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Received: August 7, 2014/ Accepted: October 27, 2014
Groundnut is the most important pulse crop in East Nusa Tenggara (ENT); however, the crop yield in ENT is low due to erratic climatic condition, drought stress, and low yielding ability of most cultivated genotypes. Local Rote is a well-known local groundnut variety in ENT, which is a potential superior variety and parental source due its large seed size and high yielding ability. Information on its resistance to abiotic and biotic stresses is important for its future development. Five groundnutgenotypes, Local Rote and check varieties were elucidated to identify drought resistant genotypes. The study was carried out in a split-plot design with three replicates in two locations during dry season 2013. Two irrigation regimes (optimum and stress conditions) were assigned as main plot and 5 groundnut geno- types as sub-plot. Research results revealed significant effect of irrigation by genotype interaction on observed yield and yield compo- nent characters in both locations. Seed yields of most tested genotypes were below their yield potential. Local Rote yielded best over two locations (1.26 t.ha -1 seed yield). Yields of check varieties were below 1.0 t.ha -1 . Local Rote was considered tolerant to drought based on STI, GMP, SSI and YL selection indices.
On the other hand, a major problem of cropping systems is the reduction in soil productivity that accompanies most systems of continuous cultivation, while intercropping usually includes a legume which fixes nitrogen, and which may confer some benefits to the system, because the cereal component depends heavily on nitrogen for maximum yield (Ofori and Stern, 1986). Moynihan et al. (1996) mentioned that intercropping annual legumes with grain crops has been proposed as a cropping strategy to enhance ground cover, thereby reducing weed competition, suppressing soil erosion, and providing N for use by subsequent crops. So, with such systems synthetic N-fertilizer and herbicide use might be reduced. Millet, when intercropped either with cereals or legumes, used water more efficiently for grain production (Oluwasemire et al., 2002). Legumes are particularly attractive as components of grain cropping systems because of their ability to fix N and serve as a green manure with a low C: N ratio (Sims and Slinkard, 1991).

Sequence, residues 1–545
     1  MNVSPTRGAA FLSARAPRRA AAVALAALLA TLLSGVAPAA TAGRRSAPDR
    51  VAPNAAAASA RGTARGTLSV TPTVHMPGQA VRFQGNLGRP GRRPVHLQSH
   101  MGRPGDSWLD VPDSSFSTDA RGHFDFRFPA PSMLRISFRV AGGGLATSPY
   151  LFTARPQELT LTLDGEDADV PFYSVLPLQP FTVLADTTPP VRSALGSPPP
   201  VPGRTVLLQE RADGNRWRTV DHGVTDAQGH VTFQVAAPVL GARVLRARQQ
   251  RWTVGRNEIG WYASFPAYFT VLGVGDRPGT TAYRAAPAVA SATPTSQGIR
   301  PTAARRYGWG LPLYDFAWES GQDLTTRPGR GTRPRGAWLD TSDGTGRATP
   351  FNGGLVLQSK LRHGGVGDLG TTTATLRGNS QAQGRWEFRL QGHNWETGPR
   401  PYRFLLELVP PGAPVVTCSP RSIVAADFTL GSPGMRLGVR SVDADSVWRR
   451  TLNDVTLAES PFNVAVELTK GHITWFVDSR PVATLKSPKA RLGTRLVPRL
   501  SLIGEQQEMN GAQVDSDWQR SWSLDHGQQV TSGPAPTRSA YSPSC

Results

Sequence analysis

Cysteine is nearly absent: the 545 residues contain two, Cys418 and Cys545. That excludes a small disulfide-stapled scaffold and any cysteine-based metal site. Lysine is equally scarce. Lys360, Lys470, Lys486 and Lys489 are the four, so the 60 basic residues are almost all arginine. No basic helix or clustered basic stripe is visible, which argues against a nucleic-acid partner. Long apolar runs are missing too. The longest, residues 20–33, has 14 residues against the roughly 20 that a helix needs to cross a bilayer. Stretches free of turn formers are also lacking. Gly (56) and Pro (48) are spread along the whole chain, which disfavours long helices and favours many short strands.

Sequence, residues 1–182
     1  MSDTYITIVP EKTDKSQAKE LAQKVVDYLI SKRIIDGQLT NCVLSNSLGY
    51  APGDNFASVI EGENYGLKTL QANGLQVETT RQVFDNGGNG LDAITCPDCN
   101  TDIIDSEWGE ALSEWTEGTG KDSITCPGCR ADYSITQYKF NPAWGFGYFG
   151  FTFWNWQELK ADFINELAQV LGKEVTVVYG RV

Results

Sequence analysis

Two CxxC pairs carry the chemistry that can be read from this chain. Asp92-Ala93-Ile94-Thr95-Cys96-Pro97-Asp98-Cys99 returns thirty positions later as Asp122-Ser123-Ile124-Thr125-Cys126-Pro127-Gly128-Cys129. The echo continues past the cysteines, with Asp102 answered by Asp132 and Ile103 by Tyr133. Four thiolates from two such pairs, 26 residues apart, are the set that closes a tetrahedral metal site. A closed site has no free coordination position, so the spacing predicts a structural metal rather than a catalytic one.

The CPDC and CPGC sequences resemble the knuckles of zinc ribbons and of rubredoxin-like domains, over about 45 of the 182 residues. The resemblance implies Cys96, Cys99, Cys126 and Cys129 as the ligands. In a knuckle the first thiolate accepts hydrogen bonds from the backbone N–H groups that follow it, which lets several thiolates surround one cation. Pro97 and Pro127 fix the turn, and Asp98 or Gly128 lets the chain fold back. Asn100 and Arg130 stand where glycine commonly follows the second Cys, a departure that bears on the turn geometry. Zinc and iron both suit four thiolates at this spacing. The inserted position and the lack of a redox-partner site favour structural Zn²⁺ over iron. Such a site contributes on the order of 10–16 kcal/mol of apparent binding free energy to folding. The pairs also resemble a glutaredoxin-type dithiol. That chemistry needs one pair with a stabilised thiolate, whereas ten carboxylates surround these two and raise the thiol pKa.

Seventy groundnutgenotypes were evaluated for quantitative and yield parameters. A wide range of variation was observed for important yield components. High estimates of the genotypic coefficient of variation (GCV) were observed for kernel yield per plant followed by the number of branches per plant, harvest index and biological yield per plant. The estimates of heritability were observed to be high for harvest index followed by biological yield per plant, kernel yield per plant, 100-kernel weight, plant height, 100-pod weight and number of branches per plant indicated that these characters were less influenced by the environmental fluctuations. High heritability along with high genetic advance was observed for 100-pod weight. High heritability along with moderate genetic advance was observed for biological yield per plant, 100- kernel weight and harvest index indicating that these traits were mainly governed by additive gene action and responsive for further improvement of these traits.